Energy budgets were measured at Arctic tundra ecosystems in Alaska, USA. Measurements were carried out over coastal tundra at Prudhoe Bay in 1994, and at wet sedge, moist and dry tussock tundra around Happy Valley in 1995. Sensible heat flux, H, and latent heat flux, lE, were determined by an eddy correlation technique.
Over the Arctic coastal tundra, the energy partition changed remarkably as a result of air mass conditions. Under cold and humid wild (onshore) from the Arctic Ocean, the temperature gradient over the tundra ecosystem increased, which resulted in a high level of H. Under warm and dry air mass on clear days from the inland tundra (offshore), air and soil temperatures and the water vapour deficit increased, which resulted in an increase in lE. The same effect or air mass condition on energy partition was observed at the tundra ecosystem in Happy Valley located 135 km inland from the Arctic coast. The energy budget at wet sedge tundra was characterized as the heat storage within the water layer on a daily basis, which was partitioned mainly to lE in daytime and lE and H at night. Latent heat flux, lE, was largest at wet sedge tundra and lowest at dry tussock tundra. The Bowen ratio decreased with air temperature over wet sedge and dry tussock tundra ecosystems. The aerodynamic resistance ra, and canopy resistance, rc, over the wet sedge tundra at Happy Valley had different levels over four major wind directions. These levels decreased with increase in wind speed. ra was slightly higher than over other vegetation, which seemed to be owing to a relatively lower wind speed, while the canopy resistance rcwas lower than over other vegetation.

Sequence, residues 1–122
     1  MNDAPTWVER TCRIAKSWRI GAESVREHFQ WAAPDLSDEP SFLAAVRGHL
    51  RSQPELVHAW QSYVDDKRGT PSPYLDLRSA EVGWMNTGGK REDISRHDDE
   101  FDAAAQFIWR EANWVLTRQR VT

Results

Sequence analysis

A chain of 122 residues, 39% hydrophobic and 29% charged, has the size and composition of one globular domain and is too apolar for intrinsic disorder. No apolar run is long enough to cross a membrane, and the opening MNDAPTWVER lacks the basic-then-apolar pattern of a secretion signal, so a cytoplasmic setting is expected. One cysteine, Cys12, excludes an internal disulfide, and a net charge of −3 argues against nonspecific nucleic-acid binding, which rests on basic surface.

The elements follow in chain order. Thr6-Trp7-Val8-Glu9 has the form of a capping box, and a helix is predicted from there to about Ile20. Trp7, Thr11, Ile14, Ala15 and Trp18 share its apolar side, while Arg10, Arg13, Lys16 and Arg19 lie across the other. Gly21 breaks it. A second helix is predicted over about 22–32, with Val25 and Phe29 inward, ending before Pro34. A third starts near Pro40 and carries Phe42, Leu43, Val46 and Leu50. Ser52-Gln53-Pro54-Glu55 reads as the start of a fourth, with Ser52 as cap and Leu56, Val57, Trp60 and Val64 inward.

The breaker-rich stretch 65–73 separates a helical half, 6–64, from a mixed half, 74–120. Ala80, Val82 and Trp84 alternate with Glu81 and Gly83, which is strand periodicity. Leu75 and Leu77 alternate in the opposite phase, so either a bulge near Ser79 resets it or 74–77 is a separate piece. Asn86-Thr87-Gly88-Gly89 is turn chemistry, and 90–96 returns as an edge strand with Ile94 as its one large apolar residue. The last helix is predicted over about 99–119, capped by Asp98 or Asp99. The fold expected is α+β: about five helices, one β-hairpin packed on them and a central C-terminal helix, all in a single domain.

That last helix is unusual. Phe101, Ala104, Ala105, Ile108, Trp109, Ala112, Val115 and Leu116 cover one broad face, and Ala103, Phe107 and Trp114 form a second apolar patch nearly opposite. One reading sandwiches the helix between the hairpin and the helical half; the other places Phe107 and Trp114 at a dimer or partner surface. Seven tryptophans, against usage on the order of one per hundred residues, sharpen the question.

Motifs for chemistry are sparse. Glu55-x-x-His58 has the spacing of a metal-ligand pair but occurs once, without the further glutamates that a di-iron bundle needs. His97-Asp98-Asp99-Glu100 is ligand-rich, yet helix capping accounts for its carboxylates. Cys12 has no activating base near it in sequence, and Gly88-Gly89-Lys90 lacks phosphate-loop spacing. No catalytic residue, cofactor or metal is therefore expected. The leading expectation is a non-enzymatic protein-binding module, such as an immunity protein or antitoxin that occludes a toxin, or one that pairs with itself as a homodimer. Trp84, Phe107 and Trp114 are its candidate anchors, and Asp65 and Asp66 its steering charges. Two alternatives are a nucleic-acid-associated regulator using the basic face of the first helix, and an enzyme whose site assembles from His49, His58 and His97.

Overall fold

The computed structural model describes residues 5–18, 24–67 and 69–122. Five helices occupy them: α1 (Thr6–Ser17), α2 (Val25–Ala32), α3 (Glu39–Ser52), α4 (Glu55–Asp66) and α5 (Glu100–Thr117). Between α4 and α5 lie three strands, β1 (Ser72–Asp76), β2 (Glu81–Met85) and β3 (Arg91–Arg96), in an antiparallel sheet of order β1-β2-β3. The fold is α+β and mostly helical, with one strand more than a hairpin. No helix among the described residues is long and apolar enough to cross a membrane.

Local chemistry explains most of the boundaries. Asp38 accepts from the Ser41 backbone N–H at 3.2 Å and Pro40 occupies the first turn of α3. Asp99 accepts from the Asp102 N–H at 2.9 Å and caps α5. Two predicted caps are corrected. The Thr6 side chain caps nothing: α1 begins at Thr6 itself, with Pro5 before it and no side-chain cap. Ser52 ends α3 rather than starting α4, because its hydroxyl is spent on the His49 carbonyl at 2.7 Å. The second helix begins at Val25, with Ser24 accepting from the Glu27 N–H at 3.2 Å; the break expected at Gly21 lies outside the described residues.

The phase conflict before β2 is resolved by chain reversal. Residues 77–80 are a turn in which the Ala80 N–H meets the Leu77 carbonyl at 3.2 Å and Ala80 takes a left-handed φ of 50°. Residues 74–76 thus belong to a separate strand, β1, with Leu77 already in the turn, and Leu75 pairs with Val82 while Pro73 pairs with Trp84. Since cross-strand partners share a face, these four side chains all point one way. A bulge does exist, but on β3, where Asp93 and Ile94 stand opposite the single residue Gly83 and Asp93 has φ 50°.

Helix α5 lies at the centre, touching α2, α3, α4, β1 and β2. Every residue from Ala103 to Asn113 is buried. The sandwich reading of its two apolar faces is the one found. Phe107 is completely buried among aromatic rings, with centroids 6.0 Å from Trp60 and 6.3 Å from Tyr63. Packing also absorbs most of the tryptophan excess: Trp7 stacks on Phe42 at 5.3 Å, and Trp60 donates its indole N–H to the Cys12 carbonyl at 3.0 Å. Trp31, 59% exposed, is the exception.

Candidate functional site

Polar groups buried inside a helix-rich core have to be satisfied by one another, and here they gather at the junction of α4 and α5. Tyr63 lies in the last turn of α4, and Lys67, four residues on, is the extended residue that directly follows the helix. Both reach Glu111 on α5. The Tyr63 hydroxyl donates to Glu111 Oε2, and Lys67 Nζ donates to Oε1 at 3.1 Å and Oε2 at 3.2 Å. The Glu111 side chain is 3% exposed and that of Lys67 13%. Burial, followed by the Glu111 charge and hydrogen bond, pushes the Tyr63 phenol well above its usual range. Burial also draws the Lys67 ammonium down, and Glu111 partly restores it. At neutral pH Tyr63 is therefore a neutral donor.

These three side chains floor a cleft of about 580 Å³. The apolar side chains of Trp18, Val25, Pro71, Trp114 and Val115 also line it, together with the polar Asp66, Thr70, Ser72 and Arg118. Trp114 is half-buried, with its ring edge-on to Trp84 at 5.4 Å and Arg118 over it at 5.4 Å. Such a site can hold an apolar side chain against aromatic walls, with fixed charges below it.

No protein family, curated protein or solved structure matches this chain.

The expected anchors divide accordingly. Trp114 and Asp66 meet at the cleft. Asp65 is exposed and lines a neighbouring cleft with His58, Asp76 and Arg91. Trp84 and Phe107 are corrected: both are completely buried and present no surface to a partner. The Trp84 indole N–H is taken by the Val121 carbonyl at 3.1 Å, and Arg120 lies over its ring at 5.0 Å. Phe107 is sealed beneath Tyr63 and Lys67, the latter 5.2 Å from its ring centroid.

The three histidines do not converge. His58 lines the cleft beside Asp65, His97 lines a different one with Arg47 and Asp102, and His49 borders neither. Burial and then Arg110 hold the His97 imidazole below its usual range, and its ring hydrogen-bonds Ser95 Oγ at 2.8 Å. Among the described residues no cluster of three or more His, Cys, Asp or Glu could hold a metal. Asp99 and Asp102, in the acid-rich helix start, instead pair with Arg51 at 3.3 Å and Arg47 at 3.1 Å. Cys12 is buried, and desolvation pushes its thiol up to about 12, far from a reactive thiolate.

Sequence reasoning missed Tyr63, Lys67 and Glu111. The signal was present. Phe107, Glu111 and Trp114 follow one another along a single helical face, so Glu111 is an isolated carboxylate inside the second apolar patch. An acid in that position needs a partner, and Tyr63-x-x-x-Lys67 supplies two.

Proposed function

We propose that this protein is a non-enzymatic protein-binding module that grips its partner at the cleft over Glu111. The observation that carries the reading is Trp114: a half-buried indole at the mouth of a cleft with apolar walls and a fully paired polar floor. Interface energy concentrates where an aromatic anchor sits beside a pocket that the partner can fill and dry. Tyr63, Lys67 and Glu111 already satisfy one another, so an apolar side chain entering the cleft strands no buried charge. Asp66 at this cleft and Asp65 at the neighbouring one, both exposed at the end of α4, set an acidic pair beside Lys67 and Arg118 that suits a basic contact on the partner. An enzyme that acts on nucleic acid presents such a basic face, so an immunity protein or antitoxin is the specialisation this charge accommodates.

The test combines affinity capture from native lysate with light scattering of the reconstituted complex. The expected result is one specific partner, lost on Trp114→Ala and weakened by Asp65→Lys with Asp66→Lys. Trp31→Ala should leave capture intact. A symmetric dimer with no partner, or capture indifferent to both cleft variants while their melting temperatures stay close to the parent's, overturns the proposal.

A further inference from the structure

Global warming will affect the energy partition of the Arctic tundra ecosystem, and the warming and drying climate will increase the lE of tundra, especially in flooded areas. Expanding dry tundra increases Hrather than lE, which enhances the warming of the tundra ecosystem. Copyright © 1998 John Wiley & Sons, Ltd.